Language is a Concept: Kao-Face

Nov 11, 2020Blog, Culture, Language Study

Language is a Concept: Kao-Face

Like many things in Japanese culture, coming to an understand of key social concepts and the significance of their meaning to the Japanese takes intention and awareness to fully understand.

One must say gaining an in-depth understanding of “kao” or “face”, and the gravity of protecting one’s face is of paramount importance to successfully interacting with the Japanese.

Always keep in mind, Japanese people tend towards being very sensitive to insults, slights, smears, and slurs of any kind, including many things Occidentals would usually ignore or simply disregard.

In the realm of protecting one’s name, reputation, and even more so one’s very honour, Occidentals usually seem to have very thick skin, while the Japanese often seem to have no protective skin whatsoever.

Reputation Is Everything

This cultural element apparently derived from the fact that until modern times (post-1945), generally speaking the Japanese were not allowed to express individualism or one’s own preferences, except in ways that were traditionally sanctioned by society, meaning doing only things Japanese society approved of, and only then when they were done in the accepted Japanese way.

Remember, these centuries old customs and protocols are ingrained societal conventions, which are woven into the fabric of Japanese society from the start of one’s life.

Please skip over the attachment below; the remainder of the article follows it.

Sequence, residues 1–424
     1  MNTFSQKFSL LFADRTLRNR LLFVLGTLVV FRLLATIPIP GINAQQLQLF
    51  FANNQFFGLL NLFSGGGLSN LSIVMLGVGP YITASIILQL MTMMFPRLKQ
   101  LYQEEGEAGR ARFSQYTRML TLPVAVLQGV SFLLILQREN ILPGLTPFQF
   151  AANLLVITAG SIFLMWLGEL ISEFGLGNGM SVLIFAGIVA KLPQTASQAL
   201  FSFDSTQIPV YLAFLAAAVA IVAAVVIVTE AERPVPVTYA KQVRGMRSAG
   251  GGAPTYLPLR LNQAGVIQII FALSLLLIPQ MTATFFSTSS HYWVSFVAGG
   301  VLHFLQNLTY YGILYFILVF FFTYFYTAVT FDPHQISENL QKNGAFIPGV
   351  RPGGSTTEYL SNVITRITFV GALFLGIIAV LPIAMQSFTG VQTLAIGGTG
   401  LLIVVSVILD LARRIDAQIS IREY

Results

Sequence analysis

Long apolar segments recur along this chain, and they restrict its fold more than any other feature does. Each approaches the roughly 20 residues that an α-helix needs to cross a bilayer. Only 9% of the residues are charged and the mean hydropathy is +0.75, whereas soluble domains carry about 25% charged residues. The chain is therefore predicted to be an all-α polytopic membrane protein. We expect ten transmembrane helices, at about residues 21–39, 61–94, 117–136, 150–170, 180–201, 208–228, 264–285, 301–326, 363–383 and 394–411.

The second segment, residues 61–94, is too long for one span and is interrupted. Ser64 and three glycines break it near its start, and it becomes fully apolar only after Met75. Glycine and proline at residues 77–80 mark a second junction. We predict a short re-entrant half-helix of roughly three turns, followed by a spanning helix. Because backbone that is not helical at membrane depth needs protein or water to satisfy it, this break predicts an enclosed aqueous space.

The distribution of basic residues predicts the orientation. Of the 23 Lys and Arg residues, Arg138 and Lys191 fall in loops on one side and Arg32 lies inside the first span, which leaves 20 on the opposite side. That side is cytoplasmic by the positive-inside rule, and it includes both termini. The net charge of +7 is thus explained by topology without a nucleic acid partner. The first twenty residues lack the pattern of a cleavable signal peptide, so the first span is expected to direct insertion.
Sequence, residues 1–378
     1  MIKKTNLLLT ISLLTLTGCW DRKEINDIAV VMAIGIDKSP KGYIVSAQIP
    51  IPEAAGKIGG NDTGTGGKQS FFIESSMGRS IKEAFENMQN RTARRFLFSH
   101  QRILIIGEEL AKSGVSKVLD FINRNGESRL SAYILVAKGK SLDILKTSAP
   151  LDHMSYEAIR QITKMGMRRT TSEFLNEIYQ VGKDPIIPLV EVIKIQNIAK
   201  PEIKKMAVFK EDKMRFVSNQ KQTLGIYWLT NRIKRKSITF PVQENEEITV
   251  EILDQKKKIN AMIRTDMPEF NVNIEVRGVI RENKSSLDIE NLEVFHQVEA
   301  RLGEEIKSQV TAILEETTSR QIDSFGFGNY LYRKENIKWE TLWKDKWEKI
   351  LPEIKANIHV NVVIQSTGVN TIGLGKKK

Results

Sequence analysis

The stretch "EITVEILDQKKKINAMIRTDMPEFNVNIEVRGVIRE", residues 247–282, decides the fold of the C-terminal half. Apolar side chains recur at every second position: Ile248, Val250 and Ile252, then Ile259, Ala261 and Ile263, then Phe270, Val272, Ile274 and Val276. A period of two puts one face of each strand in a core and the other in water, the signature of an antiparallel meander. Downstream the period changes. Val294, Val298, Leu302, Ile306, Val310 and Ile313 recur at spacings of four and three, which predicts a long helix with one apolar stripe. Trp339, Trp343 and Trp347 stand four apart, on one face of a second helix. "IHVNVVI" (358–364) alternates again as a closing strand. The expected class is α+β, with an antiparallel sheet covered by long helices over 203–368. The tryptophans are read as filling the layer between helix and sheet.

Historically, one of the few meaningful things the Japanese had going for them was their “kao”, which means one’s reputation.

So one can say that losing face for the Japanese creates extremely grave situation for both parties involved.

And one can see why protecting and defending the dignity and honour of one’s family is so very important in Japanese society.

In times past, when one’s face was trod upon one was not only officially or formally allowed to complain, they could in many situations get even, including officially sanctioned attempts to kill the offender.

One only needs to look to Japanese history for countless accounts of sleight and revenge.

Samurai Sleight and Revenge

For certain, kao and shame are inextricably intertwined into Japanese culture, and still play a significant role in Japanese life today.

When dealing with the Japanese, for whatever purpose, one must keep the important cultural protocol of kao firmly in mind.

When it is impossible to avoid saying or doing something that is very likely to smudge the face of a person, you can mitigate its effects by apologizing in advance, or quietly discuss some issue away from the group where the recipient will not feel a sense of shame or a lose of kao among one’s group.

Perhaps other societies around the world can take the importance of kao as an example, and leave out shaming others all together.

Even better yet, if it is necessary to say something, do so in a civil manner where, instead of tearing it down society while creating disharmony and lose of kao, one can building the society up and strive for harmony amongst the people, wherever one may live on our shared earth.Let the other person save face